- Poster presentation
- Open Access
Oxidative stress and serum concentrations of vitamin A in septic patients
© BioMed Central Ltd 2007
- Published: 19 June 2007
- Oxidative Stress
- Thiobarbituric Acid
Sepsis, which may be considered systemic inflammatory response syndrome facing an infectious stimulus, is the main cause of mortality in patients in ICUs. As a result of the systemic inflammatory response and of the decrease of the aerobic metabolism in sepsis, oxidative stress occurs. Vitamin A is recognized by the favorable effect that it exerts on the immune response to infections and antioxidant action. The aim of the present study was to assess the association between serum concentrations of retinol, carotenoids and oxidative stress in septic patients in the ICU.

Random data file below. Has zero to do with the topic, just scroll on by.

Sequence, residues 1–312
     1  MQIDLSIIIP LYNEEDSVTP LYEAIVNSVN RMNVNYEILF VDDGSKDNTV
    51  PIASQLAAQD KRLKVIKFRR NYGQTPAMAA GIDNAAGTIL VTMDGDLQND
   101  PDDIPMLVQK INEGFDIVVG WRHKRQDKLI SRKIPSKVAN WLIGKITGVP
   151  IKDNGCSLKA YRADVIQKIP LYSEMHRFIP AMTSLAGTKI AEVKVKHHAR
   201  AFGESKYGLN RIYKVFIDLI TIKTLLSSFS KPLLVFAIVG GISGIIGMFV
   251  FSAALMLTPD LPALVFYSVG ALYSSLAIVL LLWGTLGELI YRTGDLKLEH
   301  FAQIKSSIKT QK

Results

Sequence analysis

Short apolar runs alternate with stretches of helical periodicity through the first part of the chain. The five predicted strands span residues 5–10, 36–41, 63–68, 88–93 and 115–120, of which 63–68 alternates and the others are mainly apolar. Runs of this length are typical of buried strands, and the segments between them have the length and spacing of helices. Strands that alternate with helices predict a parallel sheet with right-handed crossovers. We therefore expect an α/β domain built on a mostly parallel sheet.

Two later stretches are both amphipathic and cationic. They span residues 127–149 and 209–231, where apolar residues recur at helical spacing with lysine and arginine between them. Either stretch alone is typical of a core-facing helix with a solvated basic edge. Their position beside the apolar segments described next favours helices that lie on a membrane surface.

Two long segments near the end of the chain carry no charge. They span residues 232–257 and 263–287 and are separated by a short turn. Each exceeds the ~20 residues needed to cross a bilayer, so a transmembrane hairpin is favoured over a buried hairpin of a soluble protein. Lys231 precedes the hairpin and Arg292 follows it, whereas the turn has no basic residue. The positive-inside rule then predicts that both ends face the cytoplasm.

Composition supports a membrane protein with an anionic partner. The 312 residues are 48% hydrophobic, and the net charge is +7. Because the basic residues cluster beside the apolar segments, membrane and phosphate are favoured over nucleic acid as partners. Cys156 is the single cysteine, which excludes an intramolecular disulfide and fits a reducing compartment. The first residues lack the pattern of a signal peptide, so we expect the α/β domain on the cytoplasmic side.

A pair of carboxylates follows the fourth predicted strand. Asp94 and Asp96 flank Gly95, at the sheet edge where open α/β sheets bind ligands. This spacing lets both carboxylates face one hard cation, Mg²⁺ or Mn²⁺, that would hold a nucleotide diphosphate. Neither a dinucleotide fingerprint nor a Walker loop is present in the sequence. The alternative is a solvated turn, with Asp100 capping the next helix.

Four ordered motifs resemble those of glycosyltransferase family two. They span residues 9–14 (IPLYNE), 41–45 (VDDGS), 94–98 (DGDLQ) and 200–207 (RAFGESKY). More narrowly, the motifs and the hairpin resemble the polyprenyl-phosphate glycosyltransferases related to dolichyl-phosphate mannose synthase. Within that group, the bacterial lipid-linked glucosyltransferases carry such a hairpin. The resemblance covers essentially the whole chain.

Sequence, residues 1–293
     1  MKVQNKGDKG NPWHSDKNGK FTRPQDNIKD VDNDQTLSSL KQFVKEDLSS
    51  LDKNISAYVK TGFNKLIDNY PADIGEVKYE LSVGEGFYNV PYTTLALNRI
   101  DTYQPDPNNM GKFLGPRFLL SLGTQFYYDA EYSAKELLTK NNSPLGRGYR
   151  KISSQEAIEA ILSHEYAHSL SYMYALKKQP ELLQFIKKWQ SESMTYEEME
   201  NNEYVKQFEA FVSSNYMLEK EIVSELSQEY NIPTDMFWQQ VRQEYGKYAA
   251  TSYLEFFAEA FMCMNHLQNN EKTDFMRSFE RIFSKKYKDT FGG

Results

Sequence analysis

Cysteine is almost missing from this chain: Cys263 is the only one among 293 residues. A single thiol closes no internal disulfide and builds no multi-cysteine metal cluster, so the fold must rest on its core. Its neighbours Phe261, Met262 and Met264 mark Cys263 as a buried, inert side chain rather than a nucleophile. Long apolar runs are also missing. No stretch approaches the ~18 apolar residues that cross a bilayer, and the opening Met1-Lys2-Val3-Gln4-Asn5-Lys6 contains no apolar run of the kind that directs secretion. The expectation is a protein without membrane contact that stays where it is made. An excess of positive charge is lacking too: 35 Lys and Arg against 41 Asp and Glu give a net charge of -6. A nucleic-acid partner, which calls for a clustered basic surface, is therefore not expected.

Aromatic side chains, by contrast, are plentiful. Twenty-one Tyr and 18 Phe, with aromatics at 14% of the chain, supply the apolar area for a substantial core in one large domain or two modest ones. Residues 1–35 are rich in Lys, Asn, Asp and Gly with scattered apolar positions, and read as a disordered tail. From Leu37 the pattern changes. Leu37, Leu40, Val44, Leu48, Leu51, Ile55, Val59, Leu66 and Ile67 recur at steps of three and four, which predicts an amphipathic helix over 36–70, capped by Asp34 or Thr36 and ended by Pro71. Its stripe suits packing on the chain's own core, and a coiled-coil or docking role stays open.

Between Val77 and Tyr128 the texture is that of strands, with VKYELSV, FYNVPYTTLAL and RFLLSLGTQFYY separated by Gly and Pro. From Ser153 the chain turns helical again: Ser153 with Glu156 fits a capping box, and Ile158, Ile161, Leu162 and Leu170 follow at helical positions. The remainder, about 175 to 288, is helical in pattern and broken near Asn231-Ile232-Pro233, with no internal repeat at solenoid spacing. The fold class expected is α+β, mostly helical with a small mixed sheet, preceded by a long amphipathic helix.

The subjects were to hospitalized adult patients with diagnosis of sepsis in the ICU from Hospital São Vicente de Paulo and from Hospital Universitário Clementino Fraga Filho, UFRJ, Rio de Janeiro State, Brazil, in the period from January to December 2006. The diagnosis of sepsis was based on the definitions of the International Sepsis Definitions Conference. Serum levels of retinol, total carotenoids and C-reactive protein (CRP) were measured. Oxidative stress was assessed through the lipid peroxidation dosage, which was estimated by thiobarbituric acid reactive substance (TBARS) levels. The APACHE II score was assessed. Forty-six patients were studied and divided into two groups: patients with diet (n = 24) and patients without diet (n = 22). The median age was 64.7 ± 19.4. Reduced levels of retinol and carotenoids were found in 65.2% and 73.9% of the sample, respectively. The group with diet had an inadequacy of retinol in 54% and carotenoids in 62.5%. CRP was high in 100% of the patients. The median vitamin A intake was 8,622 IU, the APACHE II score was 16.1 ± 4.68 and TBARS was 4.48 ± 4.49 nmol/ml. No significant difference was found related to retinol levels, TBARS and APACHE II score between the groups (P = 0.33/P = 0.24/P = 0.43). This was found between CRP levels and carotenoids (P = 0.001/P = 0.047). The results bring subsidies for the establishment/revision of the nutritional protocol directed to the group, particularly as regards the intake of vitamin A, aiming at improvement of the prognosis, evolution and survival of these patients.